Practical Parenting: Is Your Child at a Healthy Weight?

Help your kids become healthier and happier.

Excess weight is not something to take lightly. One in three children in the United States is overweight or obese, putting them at increased risk for health problems we used to attribute to adults. More children and teens are developing risk factors for type 2 diabetes, high blood pressure, and heart disease at increasingly younger ages. This most recent data shows that the incidence of obesity in children and adolescents has tripled over the past 25 years.

“It’s a tricky problem: helping your child maintain a healthy weight without making him or her self-conscious,” says Dr. Sarah Messiah, pediatrics expert at the University of Miami Health System. “We always want to be thinking about the holistic health of the child – both their physical and mental health.”

My child is on the heavy side: how do I know if it’s a problem?

The best person to determine whether or not your child is overweight is the child’s doctor. The pediatrician or care provider will measure his or her weight and height to determine if they are within a healthy range. The doctor will also consider the child’s age and growth patterns.

Assessing obesity in children can be difficult because children can grow in unpredictable spurts, especially around puberty. “For example,” says Dr. Messiah, “it is not unusual for children to gain weight right before a growth spurt, and then they grow their height into that excess weight to the point where they are no longer at an unhealthy weight.”

Children become overweight for a variety of reasons. The most common causes are lack of physical activity, unhealthy eating patterns, underlying genetic factors, or a combination of those. Only in rare cases is being overweight caused by a medical condition such as an endocrine disorder. Your doctor can rule this out with a physical exam and some blood tests.

Although weight problems tend to run in families, not all children with a family history of obesity will be overweight. Along with the genetics, shared family behaviors such as eating and activity habits also contribute.

Many parents consider a heavy child as having baby fat and reassure themselves in thinking that their overweight or obese child will simply outgrow it, but the research shows the opposite. In a 2014 study published in the New England Journal of Medicine, researchers evaluated changes in the rates of obesity in more than 7,000 children between the time they entered kindergarten and advanced to middle school age. Those who were obese during kindergarten were more likely to be obese during middle school and adulthood.

Establishing and maintaining a healthy weight can be a challenge, even for the very young. But recognizing that kids as young as age 5 can become overweight, and using some common-sense strategies will reduce the chances they become or stay obese.

As a parent, there are some things you can do and you don’t have to go it alone. Community organizations, health care providers and others can help your family work together to create opportunities for kids to eat healthier and be more active.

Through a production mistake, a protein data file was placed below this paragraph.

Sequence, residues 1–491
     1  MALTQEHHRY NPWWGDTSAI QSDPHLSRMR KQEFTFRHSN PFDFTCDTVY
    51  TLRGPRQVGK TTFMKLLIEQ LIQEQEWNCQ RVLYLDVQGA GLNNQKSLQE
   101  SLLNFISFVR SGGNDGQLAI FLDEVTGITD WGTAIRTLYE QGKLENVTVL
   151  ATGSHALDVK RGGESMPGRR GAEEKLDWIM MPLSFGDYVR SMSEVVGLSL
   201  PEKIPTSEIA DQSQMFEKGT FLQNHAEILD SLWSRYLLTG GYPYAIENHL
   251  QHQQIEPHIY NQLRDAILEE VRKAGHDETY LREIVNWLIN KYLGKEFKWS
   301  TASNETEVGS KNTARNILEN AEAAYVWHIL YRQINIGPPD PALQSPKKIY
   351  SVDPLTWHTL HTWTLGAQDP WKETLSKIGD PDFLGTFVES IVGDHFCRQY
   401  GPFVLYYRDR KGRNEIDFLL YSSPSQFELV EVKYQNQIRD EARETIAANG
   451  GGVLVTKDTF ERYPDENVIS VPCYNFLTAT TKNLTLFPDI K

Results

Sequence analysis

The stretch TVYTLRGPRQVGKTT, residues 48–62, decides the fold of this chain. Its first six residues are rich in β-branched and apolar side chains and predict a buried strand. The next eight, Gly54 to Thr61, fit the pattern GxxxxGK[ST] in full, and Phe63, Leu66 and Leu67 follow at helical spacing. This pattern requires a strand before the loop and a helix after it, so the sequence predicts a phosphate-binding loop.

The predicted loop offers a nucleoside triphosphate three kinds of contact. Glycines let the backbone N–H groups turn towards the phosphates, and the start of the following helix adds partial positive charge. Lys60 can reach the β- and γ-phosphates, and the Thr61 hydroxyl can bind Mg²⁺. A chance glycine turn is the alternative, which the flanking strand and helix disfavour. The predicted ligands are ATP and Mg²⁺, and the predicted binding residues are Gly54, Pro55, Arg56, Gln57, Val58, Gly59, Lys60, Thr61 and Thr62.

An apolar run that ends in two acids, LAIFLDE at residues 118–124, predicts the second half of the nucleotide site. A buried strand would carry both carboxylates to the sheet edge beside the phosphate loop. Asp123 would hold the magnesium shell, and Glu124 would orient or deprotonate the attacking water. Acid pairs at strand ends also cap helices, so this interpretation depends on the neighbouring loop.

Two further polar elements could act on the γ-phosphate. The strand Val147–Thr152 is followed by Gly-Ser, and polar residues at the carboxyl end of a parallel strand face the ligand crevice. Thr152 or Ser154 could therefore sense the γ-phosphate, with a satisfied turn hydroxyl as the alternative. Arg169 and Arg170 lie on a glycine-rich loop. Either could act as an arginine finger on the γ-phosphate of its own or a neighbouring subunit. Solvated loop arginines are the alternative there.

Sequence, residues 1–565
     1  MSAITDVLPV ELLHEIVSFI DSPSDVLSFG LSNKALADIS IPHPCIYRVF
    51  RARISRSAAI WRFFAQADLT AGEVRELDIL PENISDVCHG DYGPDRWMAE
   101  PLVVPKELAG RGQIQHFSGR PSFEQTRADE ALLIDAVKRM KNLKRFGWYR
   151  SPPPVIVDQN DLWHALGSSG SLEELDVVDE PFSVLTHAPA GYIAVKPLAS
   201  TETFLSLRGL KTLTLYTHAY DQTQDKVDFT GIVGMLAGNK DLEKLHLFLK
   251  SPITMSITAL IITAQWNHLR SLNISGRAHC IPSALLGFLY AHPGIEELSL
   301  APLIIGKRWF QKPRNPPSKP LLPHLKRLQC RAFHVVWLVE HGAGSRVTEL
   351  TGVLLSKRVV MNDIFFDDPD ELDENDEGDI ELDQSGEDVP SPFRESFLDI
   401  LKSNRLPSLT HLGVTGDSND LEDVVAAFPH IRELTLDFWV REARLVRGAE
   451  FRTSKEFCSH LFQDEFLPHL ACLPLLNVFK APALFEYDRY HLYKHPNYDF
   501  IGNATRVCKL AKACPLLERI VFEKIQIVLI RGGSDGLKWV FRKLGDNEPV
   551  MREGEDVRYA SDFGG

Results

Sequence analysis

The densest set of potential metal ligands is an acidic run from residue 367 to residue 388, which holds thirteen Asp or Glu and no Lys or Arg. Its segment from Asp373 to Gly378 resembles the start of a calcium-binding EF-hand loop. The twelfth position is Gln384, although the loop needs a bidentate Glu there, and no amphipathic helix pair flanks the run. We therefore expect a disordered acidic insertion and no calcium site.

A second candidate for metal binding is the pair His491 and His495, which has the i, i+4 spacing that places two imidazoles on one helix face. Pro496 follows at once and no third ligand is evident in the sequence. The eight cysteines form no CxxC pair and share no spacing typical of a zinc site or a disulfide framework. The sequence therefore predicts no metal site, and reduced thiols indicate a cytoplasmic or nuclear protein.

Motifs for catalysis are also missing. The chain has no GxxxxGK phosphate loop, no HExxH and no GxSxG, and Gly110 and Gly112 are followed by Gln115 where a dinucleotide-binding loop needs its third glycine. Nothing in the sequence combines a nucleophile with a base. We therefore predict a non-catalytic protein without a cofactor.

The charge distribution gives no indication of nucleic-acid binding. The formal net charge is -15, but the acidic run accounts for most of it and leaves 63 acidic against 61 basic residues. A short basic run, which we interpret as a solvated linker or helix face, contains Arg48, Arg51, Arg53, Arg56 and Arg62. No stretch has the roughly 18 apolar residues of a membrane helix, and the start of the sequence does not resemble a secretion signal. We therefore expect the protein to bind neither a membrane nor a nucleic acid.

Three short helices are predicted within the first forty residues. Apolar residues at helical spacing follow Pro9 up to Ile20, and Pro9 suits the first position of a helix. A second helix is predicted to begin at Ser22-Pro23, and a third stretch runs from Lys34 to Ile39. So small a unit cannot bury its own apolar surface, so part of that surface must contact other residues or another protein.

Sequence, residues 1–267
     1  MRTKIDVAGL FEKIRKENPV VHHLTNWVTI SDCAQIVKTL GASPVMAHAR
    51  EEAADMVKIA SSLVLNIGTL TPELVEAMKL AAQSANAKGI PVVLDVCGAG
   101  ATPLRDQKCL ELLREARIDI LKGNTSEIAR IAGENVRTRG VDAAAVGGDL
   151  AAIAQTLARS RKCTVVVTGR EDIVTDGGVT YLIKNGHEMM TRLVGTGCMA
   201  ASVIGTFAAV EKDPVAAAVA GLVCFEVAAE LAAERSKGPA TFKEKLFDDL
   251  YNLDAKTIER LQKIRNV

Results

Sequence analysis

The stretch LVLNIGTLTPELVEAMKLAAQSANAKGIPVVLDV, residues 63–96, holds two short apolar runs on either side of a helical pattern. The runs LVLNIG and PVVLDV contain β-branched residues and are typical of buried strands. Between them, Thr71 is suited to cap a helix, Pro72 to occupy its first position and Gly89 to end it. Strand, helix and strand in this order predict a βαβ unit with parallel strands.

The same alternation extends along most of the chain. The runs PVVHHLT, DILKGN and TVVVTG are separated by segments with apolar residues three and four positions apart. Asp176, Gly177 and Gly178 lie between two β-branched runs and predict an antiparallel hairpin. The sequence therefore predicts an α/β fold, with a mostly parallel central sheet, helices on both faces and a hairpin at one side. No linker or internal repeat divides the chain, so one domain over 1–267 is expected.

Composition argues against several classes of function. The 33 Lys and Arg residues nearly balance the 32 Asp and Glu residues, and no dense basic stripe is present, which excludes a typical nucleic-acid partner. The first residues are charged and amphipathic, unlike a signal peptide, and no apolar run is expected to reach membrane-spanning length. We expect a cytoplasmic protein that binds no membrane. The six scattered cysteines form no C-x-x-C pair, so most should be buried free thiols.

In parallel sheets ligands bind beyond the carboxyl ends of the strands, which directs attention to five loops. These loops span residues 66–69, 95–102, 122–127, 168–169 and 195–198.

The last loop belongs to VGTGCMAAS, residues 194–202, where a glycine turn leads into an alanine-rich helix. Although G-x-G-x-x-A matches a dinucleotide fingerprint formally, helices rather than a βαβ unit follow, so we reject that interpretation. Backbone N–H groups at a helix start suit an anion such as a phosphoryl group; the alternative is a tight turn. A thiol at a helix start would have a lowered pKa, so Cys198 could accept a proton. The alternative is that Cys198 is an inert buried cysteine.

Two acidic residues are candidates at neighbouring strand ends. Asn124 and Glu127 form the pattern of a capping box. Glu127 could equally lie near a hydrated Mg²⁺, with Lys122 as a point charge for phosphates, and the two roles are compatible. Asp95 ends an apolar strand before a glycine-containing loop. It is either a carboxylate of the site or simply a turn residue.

How to help your child:

Brush up on your knowledge of nutrition. Learn how to combine foods to give your child a nutrient-rich diet while reducing the number of empty sugar and fat calories. For example, orange juice is high in sugar and calories. Eating an orange is better.

Make small changes, like keeping fresh fruit and vegetable sticks in a visible and reachable place in the refrigerator, so they are more likely to be eaten.

Check out the food at your child’s school. Parents have been largely responsible for getting healthier choices in vending machines and school cafeterias. Speak to your kids about eating breakfast at school every morning; it will help them to be more engaged learners throughout the day.

Make exercise a fun family affair. Find some active sports you can share, like bicycling, hiking, or swimming.

Encourage your child to try different group sports to see where his or her interests lie and then encourage those choices.

Limit screen time. We are a wired nation and kids are spending much more time gaming or on other electronic devices, rather than outdoors being active. If they are going to play, set time limits or break it up with bouts of physical activity.

Make sure they sleep. A rested child will be more active and alert during the day. Sleep deprivation has strong links to obesity.

Be supportive of your kids if they are dealing with a weight problem. Children’s feelings about themselves often are based on their parents’ feelings about them. If you accept your children at any weight, they will be more likely to feel good about themselves. It is also important to allow them to share their concerns with you.

Whatever approach parents choose to take, the purpose is not to make physical activity and healthy eating a chore, but to make the most of the opportunities you and your family have to be active.